Made-for-TV moment: Villegas DQ'd

Here's a little homework assignment for you: The next time you see a defensive back draped all over a wide receiver and no flag is thrown, call the NFL offices and voice your concern. When you see an NBA player take an extra step on his way to the hoop without a whistle, alert the authorities. And when an apparent third strike is instead ruled ball four, point out the error to Major League Baseball's officials.

You get my drift. Each of those acts would be an exercise in futility.

And yet, in golf, it's long been an accepted practice. The latest example came during the opening round of this week's Hyundai Tournament of Champions -- or rather, after the opening round.

With his fourth shot on the par-5 15th hole, Camilo Villegas chipped up a steep bank, only to watch the ball almost reach the green and come rolling back toward his feet. Villegas casually flicked away a piece of loose turf with his club, breaking Rule 23-1, which states: "When a ball is in motion, a loose impediment that might influence the movement of the ball must not be removed."

Neither Villegas nor his caddie -- let alone his playing partner nor any on-site rules officials -- realized the breach at the time, and no penalty was assessed. After the round, Villegas signed his scorecard for a 1-under-par 72.

Now, I don't know whether rules officials at Kapalua would have reviewed tape of the incident or not, but they were almost certainly persuaded by a social media outburst in which whistle-blowers around the world pointed out the violation via Twitter feeds and Facebook posts.

Call it the power of the public. Villegas learned on Friday that he had been disqualified from the tournament for signing an incorrect scorecard, after failing to assess himself a penalty for the infraction.

This is unfair on a few different levels.

First, it isn't the tattling in this scenario that bothers me so much. (Well, it does bother me, but not to the extent of other disingenuous aspects.) What bothers me most is that there isn't a level playing field. Let's say Golf Channel producers had decided to cut away from Villegas at that point in the telecast and show another player instead. He still would have committed the same violation, but it would have amounted to one of those "if a tree fall in a forest" results.

This is no different than Dustin Johnson's faux pas on the final hole of last year's PGA Championship. If it happened on, say, the sixth hole of the opening round, there's a chance no one would have noticed and there would be no available video replay.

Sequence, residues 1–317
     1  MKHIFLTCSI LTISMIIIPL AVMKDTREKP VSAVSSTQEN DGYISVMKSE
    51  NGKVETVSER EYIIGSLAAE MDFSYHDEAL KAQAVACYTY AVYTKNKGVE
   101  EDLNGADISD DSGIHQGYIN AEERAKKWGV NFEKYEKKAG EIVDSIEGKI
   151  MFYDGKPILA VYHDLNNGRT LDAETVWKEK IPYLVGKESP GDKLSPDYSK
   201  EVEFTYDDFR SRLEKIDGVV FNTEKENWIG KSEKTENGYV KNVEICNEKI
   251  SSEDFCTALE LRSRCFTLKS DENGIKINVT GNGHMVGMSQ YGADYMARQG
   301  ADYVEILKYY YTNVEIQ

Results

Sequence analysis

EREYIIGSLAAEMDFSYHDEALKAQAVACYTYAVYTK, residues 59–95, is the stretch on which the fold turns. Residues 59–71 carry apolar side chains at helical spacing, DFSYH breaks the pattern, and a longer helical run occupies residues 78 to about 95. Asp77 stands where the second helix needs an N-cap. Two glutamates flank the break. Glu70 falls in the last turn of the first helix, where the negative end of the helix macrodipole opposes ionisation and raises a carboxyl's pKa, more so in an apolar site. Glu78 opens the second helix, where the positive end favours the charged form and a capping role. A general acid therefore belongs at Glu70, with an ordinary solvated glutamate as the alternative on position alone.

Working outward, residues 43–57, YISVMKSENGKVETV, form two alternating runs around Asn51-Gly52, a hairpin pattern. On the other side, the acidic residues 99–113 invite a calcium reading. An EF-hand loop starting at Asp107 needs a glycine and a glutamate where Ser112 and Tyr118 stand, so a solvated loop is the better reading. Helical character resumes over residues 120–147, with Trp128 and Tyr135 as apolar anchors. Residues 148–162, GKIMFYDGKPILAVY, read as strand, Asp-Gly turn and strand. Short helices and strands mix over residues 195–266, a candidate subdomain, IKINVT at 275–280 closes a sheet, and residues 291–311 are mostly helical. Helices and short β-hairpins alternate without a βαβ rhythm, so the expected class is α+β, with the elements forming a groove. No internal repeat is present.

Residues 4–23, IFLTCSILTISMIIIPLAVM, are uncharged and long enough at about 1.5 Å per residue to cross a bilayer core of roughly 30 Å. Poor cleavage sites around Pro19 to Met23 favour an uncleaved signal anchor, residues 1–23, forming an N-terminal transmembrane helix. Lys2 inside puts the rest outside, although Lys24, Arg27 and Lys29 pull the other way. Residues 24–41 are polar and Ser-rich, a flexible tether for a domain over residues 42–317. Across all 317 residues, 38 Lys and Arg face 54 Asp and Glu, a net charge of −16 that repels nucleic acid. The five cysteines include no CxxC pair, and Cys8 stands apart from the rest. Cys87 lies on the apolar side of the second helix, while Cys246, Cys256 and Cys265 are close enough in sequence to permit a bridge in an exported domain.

It's not a matter of a player trying to "get away" with something or even committing golf's taboo "C" word -- cheating -- but rather unknowingly violating a rule that wasn't witnessed by any on-site observers.

If rules officials want to go to the videotape after rounds to review potential breaches of the rules, there need to be cameras available on all holes and following all players. It's not fair that those who are either popular enough or playing well enough to warrant TV coverage should be held to a different standard than their fellow competitors. Of course, it could take a full day to review all of the actions from one round and determine if any rules were broken, leading to a never-ending cycle of Big Brother watching for transgressions.

Then, there's that Villegas was DQ'd more than 12 hours after finishing his round. He signed his scorecard, left the course, ate some dinner, went to sleep and woke up without a place in the tournament field.

There needs to be a shorter statute of limitations. I understand the desire to make every decision the correct one, but there has to be a better guideline -- whether that means potential violations can't be reviewed after a player has left the scoring area or the course facilities or after he has gone to bed for the night.

Golf is different than other sports. Competitors play by an honor code and call penalties on themselves. They don't need our help, especially when each player's shots aren't televised, and certainly not a day later, when they can wake up and realize they've been disqualified from a tournament.

Something tells me Villegas agrees with this notion right about now.

Jason Sobel is a golf writer for ESPN.com. He can be reached at Jason.Sobel@espn.com.